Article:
Friday, October 20, 2006

Cells and Stocks

Some scientists claim that hydrogen, because it is so plentiful,
is the basic building block of the universe. I dispute that.
I say there is more stupidity than hydrogen, and
that is the basic building block of the universe.

Frank Zappa



The discussion of hydrogen as an energy source is continued in today’s post in a look at three of the fuel cell developers. There are a number of companies working on hydrogen fuel-cell technology that are doing exciting work. I mention three here since, as public companies, their stock is liquid and available for minority investment. These three have something else in common: market-ready products with customers and/or revenue.

The first two are working with Direct Fuel Cell technologies and have found success with “reforming,” i.e. using a fuel processor to convert hydrocarbon fuels into a gas mixture of hydrogen and other gases. Medis Technologies Ltd. (MDTL: Nasdaq) is a bit circumspect on its fuel source, indicating simply that it is a patented proprietary fuel. FuelCell Energy, Inc. (FCEL: Nasdaq) uses plain-old pipeline natural gas to set up the hydrogen/oxygen reaction inside the cell. In contrast, Ballard Power Systems, Inc. (BLDP: Nasdaq) produces fuel cells that use hydrogen as a raw fuel.

Medis Technologies is targeting its Medis 24/7 Power Pack at the market handheld devices, such as smart phone multimedia devices and power tools. The Medis 24/7 Power Pack is a disposable charger or auxiliary power built on patented direct fuel cell technology. One unit is expected to give up to 30 hours talk time for a cell phone or up to 80 hours listening time on an iPod. It produces no discernable heat output and is environmentally friendly. Medis has managed to get the expected cost down to affordable levels for consumers with a suggested retail price $19.99 to $24.99.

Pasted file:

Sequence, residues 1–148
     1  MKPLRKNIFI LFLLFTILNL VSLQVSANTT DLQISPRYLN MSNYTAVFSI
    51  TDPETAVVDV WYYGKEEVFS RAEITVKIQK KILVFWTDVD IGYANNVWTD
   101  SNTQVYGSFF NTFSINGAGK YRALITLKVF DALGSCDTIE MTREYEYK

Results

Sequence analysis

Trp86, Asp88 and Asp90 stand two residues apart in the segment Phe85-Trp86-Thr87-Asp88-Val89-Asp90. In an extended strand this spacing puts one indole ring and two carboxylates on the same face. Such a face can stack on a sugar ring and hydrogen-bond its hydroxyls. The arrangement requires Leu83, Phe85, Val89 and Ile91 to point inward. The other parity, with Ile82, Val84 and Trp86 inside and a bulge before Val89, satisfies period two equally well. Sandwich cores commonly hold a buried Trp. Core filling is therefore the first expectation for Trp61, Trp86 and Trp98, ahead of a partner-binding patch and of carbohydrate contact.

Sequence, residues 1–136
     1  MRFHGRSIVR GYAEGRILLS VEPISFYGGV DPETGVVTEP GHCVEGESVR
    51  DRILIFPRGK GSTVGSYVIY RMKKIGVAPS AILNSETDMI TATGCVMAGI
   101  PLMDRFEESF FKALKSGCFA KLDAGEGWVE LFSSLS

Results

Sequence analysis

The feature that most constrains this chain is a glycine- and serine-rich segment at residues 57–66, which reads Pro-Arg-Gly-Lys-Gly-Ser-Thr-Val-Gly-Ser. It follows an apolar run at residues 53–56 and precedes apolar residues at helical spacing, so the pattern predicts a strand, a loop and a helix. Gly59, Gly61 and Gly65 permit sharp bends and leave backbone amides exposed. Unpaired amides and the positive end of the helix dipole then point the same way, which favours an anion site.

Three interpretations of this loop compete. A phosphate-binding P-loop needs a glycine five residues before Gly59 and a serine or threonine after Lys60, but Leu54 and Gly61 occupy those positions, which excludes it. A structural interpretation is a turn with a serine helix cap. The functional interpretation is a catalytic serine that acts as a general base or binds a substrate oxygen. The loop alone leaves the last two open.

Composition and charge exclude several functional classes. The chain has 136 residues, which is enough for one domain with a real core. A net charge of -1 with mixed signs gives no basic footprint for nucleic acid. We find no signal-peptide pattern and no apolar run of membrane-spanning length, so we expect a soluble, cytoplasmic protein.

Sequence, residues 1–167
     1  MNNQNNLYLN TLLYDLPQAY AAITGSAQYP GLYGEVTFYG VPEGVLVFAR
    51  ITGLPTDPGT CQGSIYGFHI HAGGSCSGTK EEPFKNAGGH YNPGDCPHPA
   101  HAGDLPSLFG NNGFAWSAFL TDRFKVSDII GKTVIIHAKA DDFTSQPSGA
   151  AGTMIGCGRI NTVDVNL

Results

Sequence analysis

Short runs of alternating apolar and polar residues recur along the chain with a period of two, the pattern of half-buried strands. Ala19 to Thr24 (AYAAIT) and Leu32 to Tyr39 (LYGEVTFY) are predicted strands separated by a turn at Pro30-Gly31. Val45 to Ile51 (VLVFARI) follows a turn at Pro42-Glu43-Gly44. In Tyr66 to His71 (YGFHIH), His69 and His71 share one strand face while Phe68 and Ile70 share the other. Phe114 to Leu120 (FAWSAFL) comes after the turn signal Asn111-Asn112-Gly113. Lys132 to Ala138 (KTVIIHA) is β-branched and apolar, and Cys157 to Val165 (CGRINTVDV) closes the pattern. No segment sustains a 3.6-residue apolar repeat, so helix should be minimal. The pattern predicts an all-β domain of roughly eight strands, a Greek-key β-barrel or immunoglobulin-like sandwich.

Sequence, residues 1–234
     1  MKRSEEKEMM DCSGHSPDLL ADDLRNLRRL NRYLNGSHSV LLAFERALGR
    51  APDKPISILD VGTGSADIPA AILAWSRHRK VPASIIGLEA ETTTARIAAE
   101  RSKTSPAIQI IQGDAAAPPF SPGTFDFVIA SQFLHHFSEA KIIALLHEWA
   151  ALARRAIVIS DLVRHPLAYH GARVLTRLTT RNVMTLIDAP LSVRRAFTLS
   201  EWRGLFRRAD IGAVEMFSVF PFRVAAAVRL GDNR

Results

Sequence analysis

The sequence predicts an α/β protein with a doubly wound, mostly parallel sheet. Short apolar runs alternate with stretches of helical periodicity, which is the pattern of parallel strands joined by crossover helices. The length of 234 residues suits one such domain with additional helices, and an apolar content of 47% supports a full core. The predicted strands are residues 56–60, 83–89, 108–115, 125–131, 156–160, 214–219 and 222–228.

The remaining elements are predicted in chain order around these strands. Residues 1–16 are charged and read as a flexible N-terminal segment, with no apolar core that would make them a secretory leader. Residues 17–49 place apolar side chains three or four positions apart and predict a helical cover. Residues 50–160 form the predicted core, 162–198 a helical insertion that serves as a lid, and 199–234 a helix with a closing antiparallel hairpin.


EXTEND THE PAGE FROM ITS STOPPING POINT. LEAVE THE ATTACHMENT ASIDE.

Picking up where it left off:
The key to the price level is production. Medis is installing a production line in Israel that could produce up to 1.5 million units per month when fully operational in 2007. A big hurdle for market introduction is certification by Underwriter Laboratories. Medis started the process

Just this week Medis signed a memorandum of understanding with two Russian groups, which will help Medis get the Power Packs certified for sale in Russia. The Russian partners has pledged to buy initial units produced in Israel, but will later set up production facilities in Russia.

As exciting as all these events might seem, investors are presented with a dear stock price ($24.31, 10/19/06) given that Medis is still several months away from production and sales. There are two published estimates for MDTL with apparently widely divergent views on the next year. According to First Call, one analyst expects a profit of $0.50 per share in 2007 on over $100 million in sales and the other expects a loss of $0.59 per share on $65 million in sales.